January 6, 2013

Estrogen Modulating Therapy for HCV Infection in Postmenopausal Women

Published in Journal Watch Gastroenterology December 14, 2012

Adding raloxifene hydrochloride to standard therapy significantly increased response, but only among women with IL28B genotype TT.

Studies of hepatitis C virus (HCV) infection treatment have shown that response to interferon-based therapy is lower in postmenopausal women than in premenopausal women. This could be caused by declining estrogen levels in menopause. To test that hypothesis, investigators evaluated whether the addition of raloxifene hydrochloride (RLX) — a selective estrogen receptor modulator — improved the efficacy of standard therapy with peginterferon and ribavirin in this group.

Investigators randomized 123 postmenopausal Japanese women aged 50 to 73 years with genotype 1b HCV infection to receive 60 mg of RLX daily plus standard therapy with 180 µg of peginterferon weekly and 600 to 1000 µg of ribavirin daily or standard therapy only for 48 weeks. The primary end point was sustained virologic response (SVR), defined as undetectable serum HCV RNA after 24 weeks of treatment. The mean length of time since menopause was 10.2 years (range, 2–22 years). Baseline characteristics of the two groups did not differ.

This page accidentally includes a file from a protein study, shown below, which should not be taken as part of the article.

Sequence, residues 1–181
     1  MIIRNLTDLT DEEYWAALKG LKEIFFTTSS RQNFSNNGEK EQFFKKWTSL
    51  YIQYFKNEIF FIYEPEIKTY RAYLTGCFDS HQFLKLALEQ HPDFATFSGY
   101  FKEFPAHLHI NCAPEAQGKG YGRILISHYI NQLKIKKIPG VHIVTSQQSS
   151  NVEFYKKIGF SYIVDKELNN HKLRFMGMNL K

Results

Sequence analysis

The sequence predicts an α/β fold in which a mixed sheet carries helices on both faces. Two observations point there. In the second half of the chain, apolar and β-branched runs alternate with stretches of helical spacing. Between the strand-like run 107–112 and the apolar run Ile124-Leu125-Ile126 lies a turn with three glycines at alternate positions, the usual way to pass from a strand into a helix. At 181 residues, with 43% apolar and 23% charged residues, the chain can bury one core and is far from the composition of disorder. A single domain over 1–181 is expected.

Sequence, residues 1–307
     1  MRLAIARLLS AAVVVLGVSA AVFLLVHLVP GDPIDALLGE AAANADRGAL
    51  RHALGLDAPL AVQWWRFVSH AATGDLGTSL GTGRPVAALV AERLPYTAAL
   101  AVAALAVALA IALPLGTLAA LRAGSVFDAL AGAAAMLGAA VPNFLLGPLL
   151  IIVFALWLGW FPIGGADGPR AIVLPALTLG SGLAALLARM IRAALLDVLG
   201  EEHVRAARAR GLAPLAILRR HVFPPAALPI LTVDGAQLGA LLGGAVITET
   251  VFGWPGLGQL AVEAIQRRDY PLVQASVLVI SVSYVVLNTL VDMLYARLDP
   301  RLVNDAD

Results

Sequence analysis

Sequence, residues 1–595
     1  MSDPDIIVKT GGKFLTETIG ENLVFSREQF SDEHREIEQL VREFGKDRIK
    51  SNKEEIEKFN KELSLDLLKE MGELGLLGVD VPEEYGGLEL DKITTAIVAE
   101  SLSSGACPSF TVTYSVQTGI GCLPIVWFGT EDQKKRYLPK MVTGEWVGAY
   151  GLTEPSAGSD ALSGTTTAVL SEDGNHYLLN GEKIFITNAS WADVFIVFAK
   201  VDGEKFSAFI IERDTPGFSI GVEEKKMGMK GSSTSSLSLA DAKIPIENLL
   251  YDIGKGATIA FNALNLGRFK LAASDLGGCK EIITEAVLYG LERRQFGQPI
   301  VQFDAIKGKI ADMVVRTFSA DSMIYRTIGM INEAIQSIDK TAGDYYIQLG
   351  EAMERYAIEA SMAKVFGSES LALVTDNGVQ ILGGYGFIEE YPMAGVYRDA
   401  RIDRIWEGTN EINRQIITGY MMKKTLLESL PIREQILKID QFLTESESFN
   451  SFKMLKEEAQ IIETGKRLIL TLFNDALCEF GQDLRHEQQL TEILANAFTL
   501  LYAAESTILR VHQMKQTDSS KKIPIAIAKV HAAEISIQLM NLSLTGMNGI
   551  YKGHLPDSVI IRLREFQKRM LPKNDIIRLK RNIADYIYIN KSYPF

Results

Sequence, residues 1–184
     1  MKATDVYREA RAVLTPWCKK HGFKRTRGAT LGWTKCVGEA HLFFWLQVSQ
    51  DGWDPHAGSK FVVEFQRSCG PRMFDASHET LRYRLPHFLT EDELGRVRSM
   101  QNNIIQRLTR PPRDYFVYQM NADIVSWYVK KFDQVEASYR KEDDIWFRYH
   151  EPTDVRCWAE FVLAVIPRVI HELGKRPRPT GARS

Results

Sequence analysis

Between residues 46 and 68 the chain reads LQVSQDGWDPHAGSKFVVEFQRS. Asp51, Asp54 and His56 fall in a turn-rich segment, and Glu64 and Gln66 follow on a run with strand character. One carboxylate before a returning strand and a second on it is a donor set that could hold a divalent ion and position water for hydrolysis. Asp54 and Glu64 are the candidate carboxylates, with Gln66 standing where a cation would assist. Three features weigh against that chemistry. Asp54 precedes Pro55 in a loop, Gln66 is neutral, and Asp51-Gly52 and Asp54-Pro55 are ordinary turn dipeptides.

SVR was significantly higher in the RLX group than the standard therapy group overall (61.3% vs. 34.4%; P=0.005) and in a subgroup with IL28B genotype TT (72.5% vs. 39.2%; P=0.001), but not in patients with IL28B genotype CC or TC. Only one patient discontinued RLX after developing a rash during week 2 of treatment.

Comment: These results suggest that the addition of RLX as adjuvant therapy to peginterferon and ribavirin in postmenopausal women with genotype 1b HCV infection significantly improves SVR. The improvement was limited to women with IL28B genotype TT. The mechanism by which RLX improves SVR is unclear but could involve the improvement of estradiol levels and reduction of oxidative stress or inhibition of inflammatory cytokine production. Regardless, further study of the use of RLX and other, similar agents as adjuvant therapy to HCV regimens is warranted.

Atif Zaman, MD, MPH


Furusyo N et al. Raloxifene hydrochloride is an adjuvant antiviral treatment of postmenopausal women with chronic hepatitis C: A randomized trial. J Hepatol 2012 Dec; 57:1186. (http://dx.doi.org/10.1016/j.jhep.2012.08.003)

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